Thursday, December 24, 2009

"Freeganism and the Spirit of Community"

Here's a useful article about an oft-forgotten aspect of Freeganism, taken from the UK Freegans Website, called "Freeganism and the Spirit of Community".

Community and relationship-building may be one of the most overlooked aspects of freeganism. While bin-raiding is recognized as a dominant trait of the ideals of the movement, other facets are easily forgotten. People do not often realize how building relationships and a spirit of community fit together with the goal of “making a better world” and reducing waste. But it is important to remember how freeganism cannot achieve its objectives without first uniting people under a common goal and inspiring them to make a difference. As they say, “two heads are better than one”. A close-knit group of global idealists working together will be far more effective than a few lone protesters scattered over the land.

What is the “Spirit of Community”?

The spirit of community is a sense of sharing and of understanding our connection to other human beings on this planet. The world today is sorely lacking the spirit of community. It has become easy to forget how our actions affect the lives of the people around us and even easier to forget the human need to be a part of each other’s lives. We are social beings, after all. But society has substituted human affection with electronic distraction. The virus of greed and materialism has sadly replaced the qualities of sharing and relationships in many areas of life.

How is Community Consistent with Freeganism?

If the general population could become more aware of the effect individual choices have on the planet and its people, waste would rapidly decrease. Sharing with each other undermines the ideals of the system, which encourages isolation through individual gain. Not only that, but sharing directly challenges greed, and greed is the number one evil of the current thinking in the world. Strong relationships and consideration for others definitely “make for a better world”. If that is not what freeganism is about, I don’t know what is.

How Can Freegans Build Community?

Creating a spirit of community is harder than foraging for food in a bin, but the result is better than the nicest food finds. Ways to encourage the spirit of community amongst freegans, and people in general, include sharing bin goodies, working to resolve differences, doing free work and using such tools as the 'meet-up' function of this site in order to find other freegans nearby!


Distributing food or goods from the bins not only helps to utilize the waste, but helps to build good relationships with people. I love it when I find people already at my favourite bin, and we get to share the loot. There is often too much for one person to use anyway.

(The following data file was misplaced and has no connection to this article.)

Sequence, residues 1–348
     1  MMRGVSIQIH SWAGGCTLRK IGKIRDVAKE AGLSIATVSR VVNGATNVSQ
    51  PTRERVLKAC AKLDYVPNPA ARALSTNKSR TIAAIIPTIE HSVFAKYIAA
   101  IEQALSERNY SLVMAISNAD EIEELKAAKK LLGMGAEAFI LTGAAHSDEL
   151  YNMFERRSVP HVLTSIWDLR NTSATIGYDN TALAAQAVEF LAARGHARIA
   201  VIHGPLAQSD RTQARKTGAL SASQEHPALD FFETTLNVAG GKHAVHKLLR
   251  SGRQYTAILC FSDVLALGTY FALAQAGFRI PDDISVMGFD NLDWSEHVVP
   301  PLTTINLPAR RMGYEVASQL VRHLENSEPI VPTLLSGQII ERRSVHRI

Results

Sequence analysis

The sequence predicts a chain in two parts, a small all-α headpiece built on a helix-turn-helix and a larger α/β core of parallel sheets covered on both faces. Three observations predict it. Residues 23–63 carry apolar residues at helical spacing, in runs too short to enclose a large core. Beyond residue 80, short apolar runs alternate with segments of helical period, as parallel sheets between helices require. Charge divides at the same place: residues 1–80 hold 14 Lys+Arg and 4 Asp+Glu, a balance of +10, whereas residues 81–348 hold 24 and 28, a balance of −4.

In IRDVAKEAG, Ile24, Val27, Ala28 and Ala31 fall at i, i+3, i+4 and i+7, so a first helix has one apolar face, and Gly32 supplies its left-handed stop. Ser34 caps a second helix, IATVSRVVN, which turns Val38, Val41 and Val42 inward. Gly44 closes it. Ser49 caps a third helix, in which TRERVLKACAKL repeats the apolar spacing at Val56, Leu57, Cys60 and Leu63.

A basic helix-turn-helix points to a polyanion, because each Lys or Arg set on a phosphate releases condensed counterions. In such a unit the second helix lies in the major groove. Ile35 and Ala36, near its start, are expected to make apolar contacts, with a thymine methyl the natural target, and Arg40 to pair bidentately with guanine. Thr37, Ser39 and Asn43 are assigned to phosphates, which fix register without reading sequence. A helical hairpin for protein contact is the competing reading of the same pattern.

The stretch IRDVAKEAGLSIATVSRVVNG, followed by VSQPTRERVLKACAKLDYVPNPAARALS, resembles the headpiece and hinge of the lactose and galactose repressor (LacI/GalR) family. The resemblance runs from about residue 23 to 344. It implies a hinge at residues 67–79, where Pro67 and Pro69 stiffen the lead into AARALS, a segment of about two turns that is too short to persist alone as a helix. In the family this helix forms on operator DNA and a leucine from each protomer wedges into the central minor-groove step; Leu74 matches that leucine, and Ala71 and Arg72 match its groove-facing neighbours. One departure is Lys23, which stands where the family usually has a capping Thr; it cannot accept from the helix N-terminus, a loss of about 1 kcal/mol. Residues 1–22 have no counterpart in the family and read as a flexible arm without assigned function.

Resolving differences

Although rarely mentioned, trying to work out problems between one another is an important aspect of the spirit of community. Whether it is just “agreeing to disagree” or sincerely listening and trying to understand someone’s opinion, resolving differences is essential to reaching goals of any kind. Without these, the movement will break into innumerable factions and will become ineffective. In other words, without encouraging unity between its members, freeganism just will not work.

Free Work.

The concept of doing work for free is another aspect of freeganism that has been largely ignored. But it is something that needs to be recognized as essential in building a new, sustainable economy, and as a bridge between us as freegans and the public. Volunteering to help people without expecting payment is a great introduction to the freegan philosophy and will inspire a spirit of community among individuals.

Ukfreegans 'meet-ups'

The meet-up function allows people to set up a time, place and purpose to get together. Cities are listed by name. It is an easy-to-use tool that will hopefully get us working
together more!

To use the meet-up function of this site, click

In Conclusion

Working in unity brings together all of the individual abilities and ideas in order to use them to reach our goals. In freeganism, that means inspiring community in order to reduce waste, improve the ecosystem and change the current materialistic way of thinking. Let us work together to build a better world!

Wednesday, December 23, 2009

Christmas "Blah"gging

It's been too long since my last post, once again. I can't decide whether I should blog about my latest Freegan outings or rant about the materialism of the Christmas season. At this moment, I am waiting here in LA at my computer to video chat with my family in Oregon for their Christmas dinner. However, it's 8:30PM and they're still in a Wal-Mart, shopping. People like to say that Christmastime is about family values rather than expensive gifts, but I sure don't see that happening in the US.

As any reader should know by now, Freeganism is pretty darned opposed to the consumerist drive of the holiday season. People of religious tradition (and me just 2 years ago) would argue that point by saying that capitlaism has "taken the 'Christ' out of "Christmas", but now I would even go as far as to say that the modern American Christmas tradition was created solely for market and not in recognition of Christ at all. I am not opposed to people giving one another gifts (I have even bought [gasp] a couple for close friends this year myself), nor do I oppose the celebration of the birth of a manifestation of the Divine. But I do oppose the system's tactics of "brainwashing" through the advertising media and the destruction of the Earth through needless consumption.